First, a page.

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Council paves the way for Laclie St. condo development

Move will allow for seven-storey, 70-unit building in north end; councillor argues it is 'not appropriate for that neighbourhood'

City council has approved a controversial request for a zoning bylaw amendment to allow for a seven-storey condominium building in the north end of town.

The decision was made during Monday’s council meeting, a few weeks after residents voiced overwhelming opposition during a public meeting regarding Saytar Development Corporation’s plans for 570 Laclie St.

Coun. Tim Lauer told his colleagues Monday a seven-storey, 70-unit building is “just not appropriate for that neighbourhood.”

“It’s important to note that right across the road … is another lot very similar in size. By approving this one, basically, I’m pretty sure you’re committing to approving a second building in the same area,” he said.

While the development is in line with the city’s Official Plan and the province’s growth plan, “it’s still up to us to decide whether that’s appropriate in that neighbourhood,” Lauer said.

Coun. Jay Fallis, the only councillor to join Lauer in voting against the developer’s request, reiterated council members “are the authority and the regulator here and we must not be deterred to exercise that power to ensure we maintain our community’s look and feel.”

He added it would be “bad policy” to make a decision based on the potential for it to be taken to the Local Planning Appeal Tribunal.

Many on council said it was not an easy decision for them to make.

“This is probably the most difficult planning decision that I’ve been involved in,” said an emotional Coun. Pat Hehn.

Years ago, before she was on council, she was with a group that opposed the creation of a couple of apartment buildings — one at Fittons Road and West Street and another near the Orillia Opera House.

She was “devastated” when those developments went ahead, but now realizes they provide “much-needed accommodation in our city.”

“We are elected to listen not only to staff, to the experts, but to our constituents who are going to have to live with the results,” she said. “I have listened, and that is why this decision is so difficult for me.”

Coun. Mason Ainsworth also spoke in favour of the request.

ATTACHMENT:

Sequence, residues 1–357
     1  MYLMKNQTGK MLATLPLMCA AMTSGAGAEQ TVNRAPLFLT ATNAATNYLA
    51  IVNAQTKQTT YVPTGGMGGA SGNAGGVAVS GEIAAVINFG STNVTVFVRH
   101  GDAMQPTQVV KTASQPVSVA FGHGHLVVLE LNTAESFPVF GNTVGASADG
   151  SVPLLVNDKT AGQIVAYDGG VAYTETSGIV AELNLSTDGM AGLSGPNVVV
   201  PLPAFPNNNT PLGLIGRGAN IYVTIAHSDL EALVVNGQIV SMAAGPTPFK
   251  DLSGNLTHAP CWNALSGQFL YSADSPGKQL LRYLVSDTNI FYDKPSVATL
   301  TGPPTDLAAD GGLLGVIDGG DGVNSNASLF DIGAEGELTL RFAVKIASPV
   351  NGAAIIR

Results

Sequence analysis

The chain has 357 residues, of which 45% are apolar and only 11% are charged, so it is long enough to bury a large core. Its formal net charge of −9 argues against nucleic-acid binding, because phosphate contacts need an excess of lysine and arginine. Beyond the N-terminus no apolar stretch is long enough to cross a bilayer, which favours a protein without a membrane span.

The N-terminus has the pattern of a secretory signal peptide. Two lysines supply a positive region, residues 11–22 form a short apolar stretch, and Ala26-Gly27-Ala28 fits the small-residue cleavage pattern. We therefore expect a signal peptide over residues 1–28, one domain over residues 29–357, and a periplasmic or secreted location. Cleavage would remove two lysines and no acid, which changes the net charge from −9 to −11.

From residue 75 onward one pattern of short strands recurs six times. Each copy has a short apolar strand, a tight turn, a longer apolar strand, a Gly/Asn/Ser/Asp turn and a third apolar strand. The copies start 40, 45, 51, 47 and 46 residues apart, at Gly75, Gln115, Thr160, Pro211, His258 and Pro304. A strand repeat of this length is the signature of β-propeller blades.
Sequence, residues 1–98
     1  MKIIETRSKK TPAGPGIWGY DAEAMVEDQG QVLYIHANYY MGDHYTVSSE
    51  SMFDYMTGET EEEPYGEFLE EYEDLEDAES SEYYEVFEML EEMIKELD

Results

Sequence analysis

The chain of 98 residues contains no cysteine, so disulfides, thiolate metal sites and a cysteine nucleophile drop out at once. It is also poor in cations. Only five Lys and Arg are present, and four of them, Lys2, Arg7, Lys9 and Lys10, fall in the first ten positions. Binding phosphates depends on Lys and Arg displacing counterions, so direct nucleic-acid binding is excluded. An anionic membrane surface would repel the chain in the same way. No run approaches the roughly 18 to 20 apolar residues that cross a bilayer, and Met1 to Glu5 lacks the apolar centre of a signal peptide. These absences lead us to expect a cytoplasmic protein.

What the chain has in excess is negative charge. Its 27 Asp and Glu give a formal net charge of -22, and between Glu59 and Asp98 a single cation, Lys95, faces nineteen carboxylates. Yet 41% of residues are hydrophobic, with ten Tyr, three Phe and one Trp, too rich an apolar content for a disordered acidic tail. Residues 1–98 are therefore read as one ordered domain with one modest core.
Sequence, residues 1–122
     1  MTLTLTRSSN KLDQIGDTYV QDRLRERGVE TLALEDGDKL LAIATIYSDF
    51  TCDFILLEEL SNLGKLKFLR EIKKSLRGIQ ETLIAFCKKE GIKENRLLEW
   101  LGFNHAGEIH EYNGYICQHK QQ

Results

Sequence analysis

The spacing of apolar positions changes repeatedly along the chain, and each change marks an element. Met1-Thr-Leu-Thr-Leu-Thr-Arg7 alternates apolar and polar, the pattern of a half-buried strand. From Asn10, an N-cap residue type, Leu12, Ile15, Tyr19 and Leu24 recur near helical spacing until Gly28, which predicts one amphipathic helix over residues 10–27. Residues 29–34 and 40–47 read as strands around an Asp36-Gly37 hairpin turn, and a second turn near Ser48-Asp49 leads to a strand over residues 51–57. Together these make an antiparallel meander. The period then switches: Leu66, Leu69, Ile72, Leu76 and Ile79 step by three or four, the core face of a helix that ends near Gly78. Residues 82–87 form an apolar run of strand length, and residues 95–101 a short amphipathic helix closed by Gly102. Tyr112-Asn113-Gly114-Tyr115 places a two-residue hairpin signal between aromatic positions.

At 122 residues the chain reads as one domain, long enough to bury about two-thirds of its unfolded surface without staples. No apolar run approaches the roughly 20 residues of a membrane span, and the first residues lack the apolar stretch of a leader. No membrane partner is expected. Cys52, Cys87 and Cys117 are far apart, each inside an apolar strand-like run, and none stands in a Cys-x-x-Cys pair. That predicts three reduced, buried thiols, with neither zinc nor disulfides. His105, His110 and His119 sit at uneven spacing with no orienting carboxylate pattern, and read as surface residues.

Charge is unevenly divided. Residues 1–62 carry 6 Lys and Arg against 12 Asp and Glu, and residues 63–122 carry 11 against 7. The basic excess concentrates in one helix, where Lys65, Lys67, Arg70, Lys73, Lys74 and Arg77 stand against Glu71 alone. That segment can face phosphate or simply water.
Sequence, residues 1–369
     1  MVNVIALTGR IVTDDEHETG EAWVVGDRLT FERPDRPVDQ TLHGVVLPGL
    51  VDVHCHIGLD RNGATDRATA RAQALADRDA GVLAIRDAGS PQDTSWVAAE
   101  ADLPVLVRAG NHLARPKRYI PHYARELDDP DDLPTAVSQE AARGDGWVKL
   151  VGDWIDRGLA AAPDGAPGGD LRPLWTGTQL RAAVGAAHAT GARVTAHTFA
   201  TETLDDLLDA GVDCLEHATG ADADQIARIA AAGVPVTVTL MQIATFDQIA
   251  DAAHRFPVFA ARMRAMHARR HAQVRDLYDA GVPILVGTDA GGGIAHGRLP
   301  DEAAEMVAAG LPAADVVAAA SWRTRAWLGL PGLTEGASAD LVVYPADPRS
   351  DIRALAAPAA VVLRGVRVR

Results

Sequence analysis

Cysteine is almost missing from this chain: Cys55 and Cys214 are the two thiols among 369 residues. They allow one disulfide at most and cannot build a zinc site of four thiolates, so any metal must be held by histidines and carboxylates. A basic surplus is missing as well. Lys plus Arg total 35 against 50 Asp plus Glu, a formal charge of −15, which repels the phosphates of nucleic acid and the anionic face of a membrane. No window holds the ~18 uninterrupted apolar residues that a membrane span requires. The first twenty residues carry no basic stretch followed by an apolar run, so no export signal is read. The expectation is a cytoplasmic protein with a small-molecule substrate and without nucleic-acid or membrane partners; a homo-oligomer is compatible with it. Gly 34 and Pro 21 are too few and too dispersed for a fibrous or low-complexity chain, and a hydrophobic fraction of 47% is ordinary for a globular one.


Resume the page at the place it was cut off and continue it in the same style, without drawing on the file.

“I, too, have struggled with this one,” he said, but added there is a need for housing in Orillia.

“We have many people who are looking to move into our community or move around in our community and there’s a lack of places to be.”

The province’s growth plan means the city must plan to accommodate significant job and population growth over the next 20 years.

“This isn’t going to solve the problem, but it’s going to add inventory, and inventory will have a cascade effect in our community,” said Coun. Ted Emond.

The Saytar Development property is ideal for intensification, he said, adding the city will be facing more decisions like this over the years.

Another concern that was raised at the public meeting in March was about a lack of greenspace on the property, but a staff report noted “the applicant’s agent inadvertently advised council that there was no outdoor landscaped open space available on the property for residents to use. This, however, is not the case.” There will be about 100 square metres, near the corner of Hughes Road and Laclie Street.

While the vast majority of residents who have weighed in on the matter have opposed it, some have expressed support.

In a letter to the city, Peter Caldwell and Stephen Mader said they “couldn’t believe the string of petty, self-serving, NIMBY concerns brought forward by some local residents.”

While they noted they don’t live “in the immediate vicinity” of the property, they said, “We honestly believe that we wouldn’t bring forward such concerns if a multi-storey residential development like this were proposed for our own neighbourhood.”

“Orillia needs to grow wisely, and desperately needs more housing of all kinds. We don’t know anything about this developer, but a seven-storey (or preferably eight-story, as per Official Plan) building in this location is hardly a ‘skyscraper’ as one local opponent called it,” they wrote. “In fact, it sounds like a perfect and efficient use of space and services.”

Monday’s decision grants the developer’s request to rezone the property from mixed-use intensification to a residential 5 exception zone.


Nathan Taylor

About the Author: Nathan Taylor

Nathan Taylor is an experienced multimedia journalist and editor who covers Orillia and other parts of Simcoe County.
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